PI Contribution The PI and Co-I organised three workshops, each of which focused on a key theme, and each was led by one of the partners: hospital play specialists, academics, industry games designers (Stripey Design and Distinctive Games). Workshop four brought together all the partners to explore physical and digital space, tactile and imagined play, friendship and isolation, ethics and emerging themes from the previous workshops. These themes were discussed as key outcomes from the project, focusing on design principles for children in hospital and recovery spaces. We have since met with some of the team members to develop a proposal for follow-on funding, focusing on the realisation of the physical game, Hospital Heights, in digital form. Two MA students form the Royal College of Art made significant contributions to the design and development of the workshops, and were subsequently involved in an ESRC Festival of SS event in Sheffield, as well as exhibitions in the RCA.
Collaborator Contribution Contribution of knowledge and expertise, culminating in the co-production of the project outcomes. Leading one of the three workshops, and contributing to all four workshops. Knowledge exchange across the partner organisations including: how videogames can be used to support children's play and communication across different contexts; shared understanding of the complex ways in which children are blending traditional and digital play, across different sites (homes, schools, communities); how videogames can help meet NHS targets for improving patient experiences and outcomes; understanding the working practices of games industry designers - making prototypes and pitching to audiences
Impact Design principles specifically designing for children in hospital and recovery spaces New knowledge and understanding of hospital play, and the potential for crossovers between physical and digital play Multi-disciplinary knowledge exchange - University of Sheffield, Sheffield Hallam University, Royal College of Art: Education, English, Medicine, Medical Humanities, Information Experience Design.
Start Year 2014
 
Description British Educational Research Association Conference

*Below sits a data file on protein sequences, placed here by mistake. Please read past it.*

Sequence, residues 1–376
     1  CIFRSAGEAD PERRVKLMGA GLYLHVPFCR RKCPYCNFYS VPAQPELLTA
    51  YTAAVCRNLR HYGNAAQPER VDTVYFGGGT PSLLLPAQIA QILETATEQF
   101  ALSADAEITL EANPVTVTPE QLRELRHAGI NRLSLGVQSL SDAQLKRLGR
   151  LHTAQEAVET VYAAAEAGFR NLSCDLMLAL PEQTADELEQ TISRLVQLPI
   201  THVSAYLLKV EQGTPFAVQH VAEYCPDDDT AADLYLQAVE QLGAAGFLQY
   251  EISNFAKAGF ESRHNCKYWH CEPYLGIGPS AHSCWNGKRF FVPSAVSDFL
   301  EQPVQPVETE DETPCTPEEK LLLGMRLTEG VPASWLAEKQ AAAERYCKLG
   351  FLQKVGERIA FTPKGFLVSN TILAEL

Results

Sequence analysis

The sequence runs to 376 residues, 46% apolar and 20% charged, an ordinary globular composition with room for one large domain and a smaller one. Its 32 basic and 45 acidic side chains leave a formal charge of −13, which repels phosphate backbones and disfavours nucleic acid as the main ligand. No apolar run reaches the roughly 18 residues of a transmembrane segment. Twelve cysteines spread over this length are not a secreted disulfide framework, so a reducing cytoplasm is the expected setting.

Form Of Engagement Activity Participation in an activity, workshop or similar
Part Of Official Scheme? No
Geographic Reach International
Primary Audience Other audiences
Results and Impact Innovation session at BERA, exploring visual methods, drawing on the outcomes of the project. Discussion of the project methods and outcomes.
Year(s) Of Engagement Activity 2015
 
Description Copenhagen Play festival - Talk and presentation of Hospital Heights Game 
Form Of Engagement Activity Participation in an activity, workshop or similar
Part Of Official Scheme? No
Geographic Reach International
Primary Audience Industry/Business
Results and Impact We presented a talk and the game, Hospital Heights, at the Copenhagen Play Festival in May 2014. We first presented a talk about the AHRC project, focusing on the co-production of the design processes and their physical manifestation through the design of the game - Hospital heights. We then presented the game as part of the Festival. Around 300 people attended the Festival, and around 50 people engaged with the game as co-players. They contributed to the development of the game - setting the rules, developing the reach of the game, and suggesting design features for the crossover between the physical and potential digital game design. These activities have been documented at

http://Website link: http://iedgameresearch.wordpress.com/
http://www.shef.ac.uk/
Year(s) Of Engagement Activity 2014
 
Description Creative Economy Showcase (AHRC-funded and organised) 
Form Of Engagement Activity Participation in an activity, workshop or similar
Part Of Official Scheme? No
Geographic Reach National
Primary Audience Industry/Business
Results and Impact Creative Economy Showcase - keynote lectures on Creative Economy, showcase of projects in this network. We presented the early stages of the Videogames and Play for Hospitalised Children, engaged with participants from academia, business and industry and the media.
Year(s) Of Engagement Activity 2014
 
Description Digital literacies for Hospital Spaces: Everyday Language, Everyday Literacy Conference, University of Sheffield. 
Form Of Engagement Activity A talk or presentation
Part Of Official Scheme? No
Geographic Reach National
Primary Audience Professional Practitioners
Results and Impact Conference presentation showcasing the Project's methods, partners and outcomes
Year(s) Of Engagement Activity 2014
 
Description ESRC Festival of Social Sciences 
Form Of Engagement Activity Participation in an activity, workshop or similar
Part Of Official Scheme? No
Geographic Reach Local
Primary Audience Public/other audiences